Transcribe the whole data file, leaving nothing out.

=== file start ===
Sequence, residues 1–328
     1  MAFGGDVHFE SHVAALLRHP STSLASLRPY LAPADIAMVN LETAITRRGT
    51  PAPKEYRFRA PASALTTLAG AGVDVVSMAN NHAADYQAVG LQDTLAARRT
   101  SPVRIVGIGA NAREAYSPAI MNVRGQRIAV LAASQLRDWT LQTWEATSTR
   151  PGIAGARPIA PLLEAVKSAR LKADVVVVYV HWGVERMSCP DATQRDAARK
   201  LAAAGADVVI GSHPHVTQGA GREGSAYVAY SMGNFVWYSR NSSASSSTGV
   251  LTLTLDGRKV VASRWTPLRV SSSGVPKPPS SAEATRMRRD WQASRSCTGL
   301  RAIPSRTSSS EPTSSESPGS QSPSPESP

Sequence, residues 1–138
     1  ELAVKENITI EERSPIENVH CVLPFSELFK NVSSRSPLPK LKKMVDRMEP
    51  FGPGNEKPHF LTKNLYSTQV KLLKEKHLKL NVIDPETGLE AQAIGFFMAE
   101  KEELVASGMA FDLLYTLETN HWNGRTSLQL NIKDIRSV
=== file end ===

Sequence, residues 1–328
     1  MAFGGDVHFE SHVAALLRHP STSLASLRPY LAPADIAMVN LETAITRRGT
    51  PAPKEYRFRA PASALTTLAG AGVDVVSMAN NHAADYQAVG LQDTLAARRT
   101  SPVRIVGIGA NAREAYSPAI MNVRGQRIAV LAASQLRDWT LQTWEATSTR
   151  PGIAGARPIA PLLEAVKSAR LKADVVVVYV HWGVERMSCP DATQRDAARK
   201  LAAAGADVVI GSHPHVTQGA GREGSAYVAY SMGNFVWYSR NSSASSSTGV
   251  LTLTLDGRKV VASRWTPLRV SSSGVPKPPS SAEATRMRRD WQASRSCTGL
   301  RAIPSRTSSS EPTSSESPGS QSPSPESP

Sequence, residues 1–138
     1  ELAVKENITI EERSPIENVH CVLPFSELFK NVSSRSPLPK LKKMVDRMEP
    51  FGPGNEKPHF LTKNLYSTQV KLLKEKHLKL NVIDPETGLE AQAIGFFMAE
   101  KEELVASGMA FDLLYTLETN HWNGRTSLQL NIKDIRSV